Reorganization of health services, establishment of regional/district health authorities and the municipal health offices is yet to be completed. The health facilities are not mapped within their geographical boundaries. Catchment area are not identified and registered. There is a need for the comprehensive plan for revamping (infrastructure and basic amenities, equipment and supplies) and revising the current number of facilities in the health care delivery network.
The situation has been exacerbated by the mismanagement of many health facilities. In 2021, reports indicated that in some areas, up to 90% (out of all existing) of primary health care (PHC) centres remained closed. One third of all health facilities in the south and east of Libya are not functional while 73% in the south and 47% in the east are partially functioning mainly due to the shortage of medical supplies and lack of human resources.

Out of the total facilities assessed in 2021, 37% (80) health facilities were reported damaged (fully and partially damaged). Outsourcing services of public health facilities to private companies is of alarming concern. Only 20% of communities have child health and emergency services, 25% – general clinical services, and 15% – services for reproductive health care and
noncommunicable and communicable diseases.

Health facilities across the country had to be closed due to increasing transmission of COVID-19 among health workers, lack of PPE and supplies. Of those remaining functioning, 80% of PHC centers did not have any of the essential medicines.

Treatment of non-communicable diseases become largely unavailable, including medicines for diabetes (e.g., insulin). Support for disability services for more than 100,000 people is one of the most common requests. No disability-specific surveys took place from the national level.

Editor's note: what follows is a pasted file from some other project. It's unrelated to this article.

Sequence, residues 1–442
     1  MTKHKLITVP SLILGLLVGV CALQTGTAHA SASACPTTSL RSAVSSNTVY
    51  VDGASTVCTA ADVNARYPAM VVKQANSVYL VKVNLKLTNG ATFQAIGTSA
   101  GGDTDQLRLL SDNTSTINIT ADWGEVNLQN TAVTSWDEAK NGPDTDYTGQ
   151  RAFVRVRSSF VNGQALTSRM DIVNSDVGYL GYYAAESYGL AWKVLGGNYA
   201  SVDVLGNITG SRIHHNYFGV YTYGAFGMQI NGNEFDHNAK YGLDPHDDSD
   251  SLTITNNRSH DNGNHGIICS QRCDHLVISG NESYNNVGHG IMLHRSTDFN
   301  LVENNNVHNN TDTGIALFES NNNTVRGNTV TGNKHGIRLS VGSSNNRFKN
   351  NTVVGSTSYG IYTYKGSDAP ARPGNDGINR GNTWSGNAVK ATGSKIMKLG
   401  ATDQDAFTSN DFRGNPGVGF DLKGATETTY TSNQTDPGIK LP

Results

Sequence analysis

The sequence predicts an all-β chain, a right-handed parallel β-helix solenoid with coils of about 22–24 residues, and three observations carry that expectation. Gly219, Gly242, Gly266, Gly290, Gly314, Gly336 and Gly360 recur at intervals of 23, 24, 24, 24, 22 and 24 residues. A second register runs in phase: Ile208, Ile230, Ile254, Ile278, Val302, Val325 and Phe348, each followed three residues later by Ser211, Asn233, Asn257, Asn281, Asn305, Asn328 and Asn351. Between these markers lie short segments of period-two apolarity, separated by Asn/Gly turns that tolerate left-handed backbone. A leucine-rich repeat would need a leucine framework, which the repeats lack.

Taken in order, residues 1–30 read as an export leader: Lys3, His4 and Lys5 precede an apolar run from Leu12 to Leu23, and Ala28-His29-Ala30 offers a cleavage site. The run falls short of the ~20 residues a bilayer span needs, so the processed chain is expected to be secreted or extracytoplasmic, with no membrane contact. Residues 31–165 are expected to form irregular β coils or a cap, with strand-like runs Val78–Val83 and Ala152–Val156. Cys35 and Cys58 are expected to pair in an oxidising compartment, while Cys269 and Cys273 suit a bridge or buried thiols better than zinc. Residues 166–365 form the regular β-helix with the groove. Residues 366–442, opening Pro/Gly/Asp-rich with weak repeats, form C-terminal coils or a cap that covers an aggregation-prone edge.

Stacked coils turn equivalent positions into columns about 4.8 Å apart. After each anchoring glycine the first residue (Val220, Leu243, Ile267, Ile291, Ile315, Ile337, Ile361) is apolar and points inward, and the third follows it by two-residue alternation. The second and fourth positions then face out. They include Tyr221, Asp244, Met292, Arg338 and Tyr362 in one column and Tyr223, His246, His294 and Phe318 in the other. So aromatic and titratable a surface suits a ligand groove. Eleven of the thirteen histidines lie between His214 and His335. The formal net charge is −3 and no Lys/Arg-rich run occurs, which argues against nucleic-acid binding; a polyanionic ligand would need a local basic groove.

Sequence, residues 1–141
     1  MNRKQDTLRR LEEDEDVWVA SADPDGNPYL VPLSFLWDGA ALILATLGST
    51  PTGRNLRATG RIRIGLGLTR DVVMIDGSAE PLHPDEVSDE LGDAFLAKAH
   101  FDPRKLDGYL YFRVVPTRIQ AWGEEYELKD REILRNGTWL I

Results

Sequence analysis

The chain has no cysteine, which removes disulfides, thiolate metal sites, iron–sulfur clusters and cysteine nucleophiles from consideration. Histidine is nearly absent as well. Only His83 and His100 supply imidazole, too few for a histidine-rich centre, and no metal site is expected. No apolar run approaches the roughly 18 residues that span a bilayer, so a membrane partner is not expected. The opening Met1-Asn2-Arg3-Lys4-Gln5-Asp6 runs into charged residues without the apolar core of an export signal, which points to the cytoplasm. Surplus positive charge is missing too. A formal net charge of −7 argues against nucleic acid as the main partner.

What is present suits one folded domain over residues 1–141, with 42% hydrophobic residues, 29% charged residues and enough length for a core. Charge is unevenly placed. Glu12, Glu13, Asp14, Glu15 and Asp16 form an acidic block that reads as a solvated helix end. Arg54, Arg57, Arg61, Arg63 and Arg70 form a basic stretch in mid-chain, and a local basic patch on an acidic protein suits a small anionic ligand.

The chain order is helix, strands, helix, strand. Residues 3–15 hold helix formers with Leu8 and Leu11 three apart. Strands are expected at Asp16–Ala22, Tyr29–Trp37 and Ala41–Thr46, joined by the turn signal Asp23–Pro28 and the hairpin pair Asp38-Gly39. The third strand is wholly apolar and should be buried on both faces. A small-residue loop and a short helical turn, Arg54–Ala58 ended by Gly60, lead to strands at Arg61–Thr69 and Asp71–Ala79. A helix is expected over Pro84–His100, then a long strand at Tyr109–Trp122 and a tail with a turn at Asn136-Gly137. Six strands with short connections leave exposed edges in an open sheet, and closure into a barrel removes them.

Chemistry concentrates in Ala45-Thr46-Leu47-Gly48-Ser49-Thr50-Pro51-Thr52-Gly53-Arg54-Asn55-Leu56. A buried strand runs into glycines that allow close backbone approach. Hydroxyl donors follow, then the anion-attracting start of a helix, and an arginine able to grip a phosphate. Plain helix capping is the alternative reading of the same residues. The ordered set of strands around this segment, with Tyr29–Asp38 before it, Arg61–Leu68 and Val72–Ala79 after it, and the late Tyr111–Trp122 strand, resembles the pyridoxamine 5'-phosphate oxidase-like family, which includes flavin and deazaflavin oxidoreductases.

Libya continued to face repeated stockouts of critical routine immunization vaccines, compounded by difficulties securing funds from the Central Bank of Libya to place new procurement orders. There are acute shortages of medicines for child cancer patients and patients with life-threatening diseases such as TB and HIV/AIDS.

The banking system remains dysfunctional and international organizations have only limited ability to withdraw cash in Libyan dinars to fund its humanitarian operations and COVID-19 response. 

A majority of regularly assessed communities report high rate of incidence of diarrhoea, lice and scabies and influenzalike illnesses. Absence of data highlights the seriousness of the actual situation on the ground.

Levels of support for rehabilitation of health facilities in remote rural areas were not sufficient, including roll of mobile medical teams in those locations. While the health workforce the overall number exceeds the WHO/SDG standards. However, inadequate skills mix, maldistribution between geographic areas and the different levels of health care, the traditional fact of over excessive HR registered for Libya are of highest concerns.

Proliferation or over excessive traditional present health infrastructure should
be reviewed: Tertiary Care Medical Centers (5); Secondary Care (97) (Rural Hospitals (32), General Hospitals (23), Teaching Hospitals (31), Specialized Hospitals (11); Primary Health Care (1355) (PHC Units (728), PHC Centers (571), Polyclinics (56).

The efficiency of the workforce is also impacted by irregular payment, internal displacement. Establishment of the staffing norms is necessary for different levels of care as a tool for deploying adequate numbers of health workers in health service delivery network equitably across regions.

In 2021 the first steps were initiated to support enhancement of health human workforce. Pharmaceuticals and other health technologies – There are chronic shortages of medicines, equipment and supplies, and very few public health facilities are offering a standard package of essential health care services.

Medicines that are supplied through specialized centers, such as tuberculosis and HIV medicines, as well as mental illness and family planning medicines, are limited or not available in health facilities.

Health information system – Despite years of support and investment from international community, there is still no national system to gather and analyze health information and monitor and assess needs, absolute lack of population/health data and the lack of data culture. There is no data available with the health authorities on a number of functioning and